Downtime is the single largest source of lost productivity. Plant network downtime creates a high level of unwanted attention since equipment failures and breakdowns become highly visible. Many firms struggle to understand what causes such outages. But they can take steps, such as creating a sound networking foundation, collecting all available performance information, and extending intelligence to more endpoints via smart sensors, to prevent such problems from occurring, according to DC Plus’ guide, Eliminate Plant Manufacturing Network Downtime.
Unplanned downtime occurs as a result of various failures, such as an overloaded network connection, an operator misstep, and unplanned machine maintenance. The reality is that no manufacturer is immune from such outages, but few can afford to withstand significant network downtime. Downtime results in lost revenue, paying out wages but not having any work completed, supply chain bottlenecks due to a slowdown in manufacturing, decreased customer satisfaction, and higher operating costs.
The High Cost of Plant Network Downtime
When trying to gauge an outage’s impact, manufacturers focus on labor costs, which can be significant. Typically, manufacturers look at the direct impact, the amount of individuals who sit idly while the system is offline. Those numbers vary by industry, size, and task. ARC Advisory Group found that typical packaged food or consumer suppliers lose $15,000 an hour if the network is down.
Manufacturers incur other costs. An outage’s ripple effects filter throughout the company. The quality control inspector, tool setup person, line supervisor, maintenance supervisor, plant manager, parts procurer, engineering, material handlers, floor supervisor, safety personnel, accounting, and secretaries may all have to rearrange their workday in order to accommodate the lost time.
And downtime impacts manufacturers in other ways as well. Product shipments are delayed. In fact, a pharmaceutical company loses hundreds of thousands of dollars if one batch of products is delayed, according to ARC Advisory Group.
Unforeseen outages also result in lost customer trust and productivity. Manufacturers often cannot deliver services to customers, lose production time on a critical asset, and are unable to service or support specific equipment or assets. Finally, the brand image is damaged.
But you do not have to tolerate downtime. Every manufacturing plant can take several steps that keep their networks running. Here is some sound advice.
Find a Strong Network Option
Adopt a tested network standard. Ethernet/IP networks have become commonplace in the manufacturing sector for various reasons. This network option features high speed, low signal loss, high bandwidth, and flexibility. These systems support multiple types of broadcasting and include change-of-state monitoring. These solutions are designed around object design orientation so you control applications internally. This network option includes strong security features. Finally, the factory floor becomes more cohesive. With ethernet/IP, you connect all of your devices to one IP address and therefore gather data in a consistent manner.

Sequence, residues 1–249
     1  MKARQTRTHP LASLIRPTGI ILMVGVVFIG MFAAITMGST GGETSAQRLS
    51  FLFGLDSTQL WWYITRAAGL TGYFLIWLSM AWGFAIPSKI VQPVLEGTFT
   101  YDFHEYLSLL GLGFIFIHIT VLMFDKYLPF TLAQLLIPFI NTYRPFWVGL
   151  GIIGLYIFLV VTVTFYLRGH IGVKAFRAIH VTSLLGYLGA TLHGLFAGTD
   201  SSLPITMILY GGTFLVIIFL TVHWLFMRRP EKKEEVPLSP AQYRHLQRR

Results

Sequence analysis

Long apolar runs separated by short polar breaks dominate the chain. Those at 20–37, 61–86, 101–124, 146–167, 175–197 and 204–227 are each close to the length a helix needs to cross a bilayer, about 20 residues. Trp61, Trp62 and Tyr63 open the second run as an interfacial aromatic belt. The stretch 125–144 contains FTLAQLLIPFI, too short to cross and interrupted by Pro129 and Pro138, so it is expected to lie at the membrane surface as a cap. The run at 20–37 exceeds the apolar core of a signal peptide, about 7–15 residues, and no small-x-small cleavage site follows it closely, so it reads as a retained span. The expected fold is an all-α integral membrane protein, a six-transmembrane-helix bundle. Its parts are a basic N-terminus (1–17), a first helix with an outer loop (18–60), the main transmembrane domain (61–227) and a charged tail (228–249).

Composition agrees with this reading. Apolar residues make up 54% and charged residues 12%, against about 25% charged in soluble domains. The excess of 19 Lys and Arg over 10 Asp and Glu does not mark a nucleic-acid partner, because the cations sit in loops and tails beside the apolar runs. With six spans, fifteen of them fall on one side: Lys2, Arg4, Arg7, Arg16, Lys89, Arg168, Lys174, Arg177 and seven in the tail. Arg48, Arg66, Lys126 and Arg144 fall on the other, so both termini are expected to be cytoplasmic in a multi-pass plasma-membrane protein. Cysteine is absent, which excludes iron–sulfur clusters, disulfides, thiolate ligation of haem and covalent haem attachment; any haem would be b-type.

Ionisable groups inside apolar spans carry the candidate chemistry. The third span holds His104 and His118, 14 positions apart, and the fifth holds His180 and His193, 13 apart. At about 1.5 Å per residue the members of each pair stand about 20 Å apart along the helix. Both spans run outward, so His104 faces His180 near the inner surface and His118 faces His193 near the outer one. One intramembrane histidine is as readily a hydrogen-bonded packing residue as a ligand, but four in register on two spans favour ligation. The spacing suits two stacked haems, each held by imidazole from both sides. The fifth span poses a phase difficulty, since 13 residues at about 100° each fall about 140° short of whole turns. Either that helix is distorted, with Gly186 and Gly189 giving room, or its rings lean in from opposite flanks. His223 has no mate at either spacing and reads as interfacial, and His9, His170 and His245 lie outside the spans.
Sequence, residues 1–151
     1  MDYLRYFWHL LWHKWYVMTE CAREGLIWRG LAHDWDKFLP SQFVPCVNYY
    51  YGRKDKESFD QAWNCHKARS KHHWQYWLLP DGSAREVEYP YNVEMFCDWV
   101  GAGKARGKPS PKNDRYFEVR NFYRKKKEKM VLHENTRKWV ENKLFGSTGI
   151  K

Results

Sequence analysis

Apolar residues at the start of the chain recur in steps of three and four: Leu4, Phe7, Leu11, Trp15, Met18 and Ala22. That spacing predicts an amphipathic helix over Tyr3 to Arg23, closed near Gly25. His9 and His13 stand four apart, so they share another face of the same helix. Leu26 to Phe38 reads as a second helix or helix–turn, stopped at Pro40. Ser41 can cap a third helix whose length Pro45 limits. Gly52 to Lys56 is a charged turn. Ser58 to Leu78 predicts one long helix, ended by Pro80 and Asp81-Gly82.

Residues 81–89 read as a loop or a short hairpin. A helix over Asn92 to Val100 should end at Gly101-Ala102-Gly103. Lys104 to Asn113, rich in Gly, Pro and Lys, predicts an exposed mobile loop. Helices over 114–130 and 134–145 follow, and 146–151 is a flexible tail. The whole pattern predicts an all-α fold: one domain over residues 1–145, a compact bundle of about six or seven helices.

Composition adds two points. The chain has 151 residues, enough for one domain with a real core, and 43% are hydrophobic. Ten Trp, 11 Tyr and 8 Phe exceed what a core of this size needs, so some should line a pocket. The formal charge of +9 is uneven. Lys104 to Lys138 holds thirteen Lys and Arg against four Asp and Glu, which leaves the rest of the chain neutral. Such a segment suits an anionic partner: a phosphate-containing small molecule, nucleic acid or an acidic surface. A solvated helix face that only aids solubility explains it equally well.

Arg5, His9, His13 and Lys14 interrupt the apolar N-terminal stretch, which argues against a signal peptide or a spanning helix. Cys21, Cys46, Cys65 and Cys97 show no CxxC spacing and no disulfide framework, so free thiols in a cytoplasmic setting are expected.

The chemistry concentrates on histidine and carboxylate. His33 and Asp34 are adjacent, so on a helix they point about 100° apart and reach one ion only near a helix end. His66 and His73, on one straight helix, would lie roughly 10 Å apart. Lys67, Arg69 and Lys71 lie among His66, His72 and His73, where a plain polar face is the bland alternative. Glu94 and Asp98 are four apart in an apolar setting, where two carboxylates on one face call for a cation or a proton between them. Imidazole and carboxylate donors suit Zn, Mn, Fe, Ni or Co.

Collect More Performance Information
Many manufacturers have the capacity to monitor their network devices more closely but do not connect, gather, share, and analyze such information. For example, machinery often tracks conditions in motor drives and devices, but without being connected, you do not have access to that data. Consequently, managers should check and determine that their intelligent variable frequency drives (VFD) are connected to the manufacturing network.
Deploy Smart Sensors
Recently, a new generation of intelligent wireless sensors emerged. These devices detect temperatures; monitor overheating or freezing; determine if objects are moving properly; calibrate valve opening or closing positions; and identify complete or incomplete services.
Previously when a machine broke down, someone was notified, came, troubleshot, and fixed the problem. In a best case scenario, the machine was up in a few hours but the process often took longer. By deploying intelligent devices in your facility, you detect issues before they take the device offline. A minor slowing down of a production robot arm, an increase in average system temperature, or a change in current, triggers a maintenance action. Such preventative steps improve asset performance, limit downtime, and even reduces your energy costs.
Hire a Certified Installer for Your Project
Networking is a complex technology, one becoming more diverse every day. Manufacturers need to recognize the limits of their expertise; most are not networking experts. A professional IT services and solutions provider can more effectively assess your network and determine the strengths and weaknesses of your existing setup. Even something as simple as making sure your connections are tested, it is best completed by such an expert.
DC Plus delivers proven network solutions, ones built on their vast experience in the manufacturing market. They have been working with manufacturing companies for many years and understand factory plant network pain points. The company works as your partner, solves network issues, and increases uptime.
DC Plus created a guide “Eliminate Manufacturing Network Downtime”, which helps companies keep their plant manufacturing networks up and running. The guide examines both the technical issues such as network design, and the personnel challenges like training employees, that cause networks to go down.
Such information is vital to ensuring that your company’s network problem does not become tomorrow’s headline. You can download your copy of the guide at here.